If there is one thing farmers always seem to be short on, it’s time.
“How did it get so late so soon?”
― Dr. Seuss
There are always more weeds to pull, rocks to pick, and work to do. It is possible, on occasion, to lose sight of the natural beauty that surrounds us everyday, when one’s thoughts become consumed by what’s left on a to-do-list. People of all professions find themselves increasingly immersed in an electronically stimulated sprint from daybreak to bedtime.
As I type this one handed, while bouncing my little three month baby boy on my knee, it seems like I’ve been writing all day. Yet as I look down at his big smile, it’s as though he were born yesterday, not months ago. We all perceive time differently. Click the videos below of our farm which offer an unique perspective of time passing.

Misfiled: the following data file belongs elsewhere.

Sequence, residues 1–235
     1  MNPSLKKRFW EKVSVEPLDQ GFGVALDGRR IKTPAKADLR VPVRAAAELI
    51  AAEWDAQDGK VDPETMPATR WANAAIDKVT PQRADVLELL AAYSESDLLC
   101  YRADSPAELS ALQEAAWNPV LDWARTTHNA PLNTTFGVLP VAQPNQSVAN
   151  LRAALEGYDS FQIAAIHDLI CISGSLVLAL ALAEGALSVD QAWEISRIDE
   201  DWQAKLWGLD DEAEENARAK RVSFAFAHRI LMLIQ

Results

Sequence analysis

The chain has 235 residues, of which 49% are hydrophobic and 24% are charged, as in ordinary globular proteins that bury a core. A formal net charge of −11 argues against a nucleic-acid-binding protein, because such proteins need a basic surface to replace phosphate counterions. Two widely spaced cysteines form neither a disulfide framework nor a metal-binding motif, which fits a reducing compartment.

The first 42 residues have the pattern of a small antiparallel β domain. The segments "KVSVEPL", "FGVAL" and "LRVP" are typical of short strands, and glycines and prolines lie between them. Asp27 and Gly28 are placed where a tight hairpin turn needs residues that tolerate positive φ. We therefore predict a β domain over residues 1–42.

We spend a lot of time thinking about the past and the future, and less about the present. The world’s population is approaching 7.2 billion people. To live in a world without hunger (a goal at the very least we should all endeavor toward), we will need to increase our food production by 50%. In order to achieve this, there needs to be a shared reconnection with the land. Incredible moments are handed to us each day. If we live in the moment, we will be much more likely to gain an appreciation for our fresh water and the fields on which we grow our food. Time will tell.
So where does time go? My best guess is that time slips behind Mt. Katahdin to rest just after sunset. You should have a look for yourself, you may just find it there.
Everything in its time.
“No person will have occasion to complain of the want of time who never loses any. It is wonderful how much can be done if we are always doing.”